Some from Judea had taught the brethren, "Except ye be circumcised after the manner of Moses, ye cannot be saved." It was an attempt to revive Judaism, and to impose its ritualistic observances on the Gentile believers as a condition of salvation. Peter had been taught the folly of this in a remarkable manner (see Acts 10:9-16); and for the time he learned his lesson, for he said to Cornelius, "Ye know how that it is an unlawful thing for a man that is a Jew to keep company, or come unto one of another nation; but God hath showed me that I should not call any man common or unclean" (v. 28); and after Peter had returned to Jerusalem he justified his conduct in eating with uncircumcised persons. Still further, when he went to Antioch he at first ate with the Gentiles; but when certain came from James, "he withdrew and separated himself, fearing them which were of the circumcision." (Gal. 2:12.) The effect was, Peter's influence being so great, "the other Jews dissembled likewise with him; insomuch that Barnabas also was carried away with their dissimulation." Paul was thus left alone in his contention, that "in Christ Jesus neither circumcision availeth anything nor uncircumcision, but a new creature."

The great question then was very simple. Was anything, circumcision or anything else, necessary for justification in addition to faith in Christ Jesus? If Peter had the mind of the Lord in separating himself from the Gentile believers at Antioch, there was evidently something else required. For why did he now refuse to eat with them? Solely on the ground that they were uncircumcised. (v. 12.) If then Peter were right, circumcision was still for profit, inasmuch as it conferred an advantage on the Jew. In other words, a work of the law must be added to faith in Christ for justification. It was a small thing, it might have been argued, and if the point were but yielded peace between the Jewish and Gentile believers would be established and preserved. But this "small thing" undermined the whole truth of grace, and cast a slur upon the work of Christ. It was therefore a supreme moment in the history of the Church; and to have accepted this addition to the gospel of Christ would have perverted it, made it "another gospel," to preach which would bring down God's displeasure and judgment. Hence Paul said, "If any man preach any other gospel unto you than that ye have received, let him be accursed." (Chapter 1:6-9.)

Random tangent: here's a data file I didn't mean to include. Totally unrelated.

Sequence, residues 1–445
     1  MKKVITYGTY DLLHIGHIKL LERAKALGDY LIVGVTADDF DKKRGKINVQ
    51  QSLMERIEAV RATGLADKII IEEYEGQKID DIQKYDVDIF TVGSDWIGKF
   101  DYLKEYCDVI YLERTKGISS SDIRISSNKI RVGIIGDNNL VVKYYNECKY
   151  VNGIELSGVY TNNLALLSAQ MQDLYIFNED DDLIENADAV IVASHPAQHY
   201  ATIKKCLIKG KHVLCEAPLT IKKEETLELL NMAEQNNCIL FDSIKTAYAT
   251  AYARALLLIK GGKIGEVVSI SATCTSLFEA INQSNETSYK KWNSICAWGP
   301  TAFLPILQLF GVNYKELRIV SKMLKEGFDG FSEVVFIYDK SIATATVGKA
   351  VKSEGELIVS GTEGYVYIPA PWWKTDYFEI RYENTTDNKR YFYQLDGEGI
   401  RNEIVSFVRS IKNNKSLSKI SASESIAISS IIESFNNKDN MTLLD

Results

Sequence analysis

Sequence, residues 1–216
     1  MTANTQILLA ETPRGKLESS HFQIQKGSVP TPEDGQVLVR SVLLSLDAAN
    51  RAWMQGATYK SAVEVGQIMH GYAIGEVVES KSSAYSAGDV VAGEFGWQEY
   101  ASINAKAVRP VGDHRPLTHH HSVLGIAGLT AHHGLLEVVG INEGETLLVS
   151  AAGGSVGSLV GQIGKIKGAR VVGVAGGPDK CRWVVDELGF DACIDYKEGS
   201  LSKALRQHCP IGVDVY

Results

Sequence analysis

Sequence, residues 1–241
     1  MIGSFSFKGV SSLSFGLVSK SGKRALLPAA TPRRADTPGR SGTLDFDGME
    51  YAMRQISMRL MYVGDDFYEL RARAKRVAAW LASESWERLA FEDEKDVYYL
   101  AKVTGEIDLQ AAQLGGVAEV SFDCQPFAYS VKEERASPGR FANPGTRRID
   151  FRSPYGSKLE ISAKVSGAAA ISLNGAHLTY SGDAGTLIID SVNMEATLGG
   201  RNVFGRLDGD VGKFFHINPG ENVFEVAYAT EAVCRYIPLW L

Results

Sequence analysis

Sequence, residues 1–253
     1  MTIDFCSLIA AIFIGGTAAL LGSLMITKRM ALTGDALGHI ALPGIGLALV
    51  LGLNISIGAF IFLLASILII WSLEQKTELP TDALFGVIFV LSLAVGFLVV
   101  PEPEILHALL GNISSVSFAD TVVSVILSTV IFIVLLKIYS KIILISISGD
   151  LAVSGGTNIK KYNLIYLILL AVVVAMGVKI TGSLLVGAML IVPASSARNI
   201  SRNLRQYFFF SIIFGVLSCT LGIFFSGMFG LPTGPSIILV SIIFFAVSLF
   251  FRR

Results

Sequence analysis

Paul therefore had no other alternative, if he would be faithful to the trust committed to him, than to withstand Peter to the face because he was to be condemned.* Peter was not, at this moment, walking "uprightly according to the truth of the gospel"; and consequently, painful as it must have been to Paul, he had to be rebuked. The case would not have been met by dissociation from Peter's practice, or by withdrawing to another field of service, for the maintenance of the truth of God was involved. In the presence of all the believers at Antioch, Paul therefore exposed and condemned the action of his fellow-servant; and the proof that he was in communion with the mind of God in doing so is the fact that he was led, as inspired of the Holy Spirit, to preserve the record of the contention. Peter, on the other hand, makes no allusion to it in his epistles; but to show that grace wrought in his heart for restoration, and hence, that he fully accepted the action of his younger colleague, he was guided to speak of "our beloved brother Paul" and of his writings. It was fidelity to God that administered the rebuke, and it was grace that enabled Peter to profit by it; and the issue was the preservation of the gospel of Christ.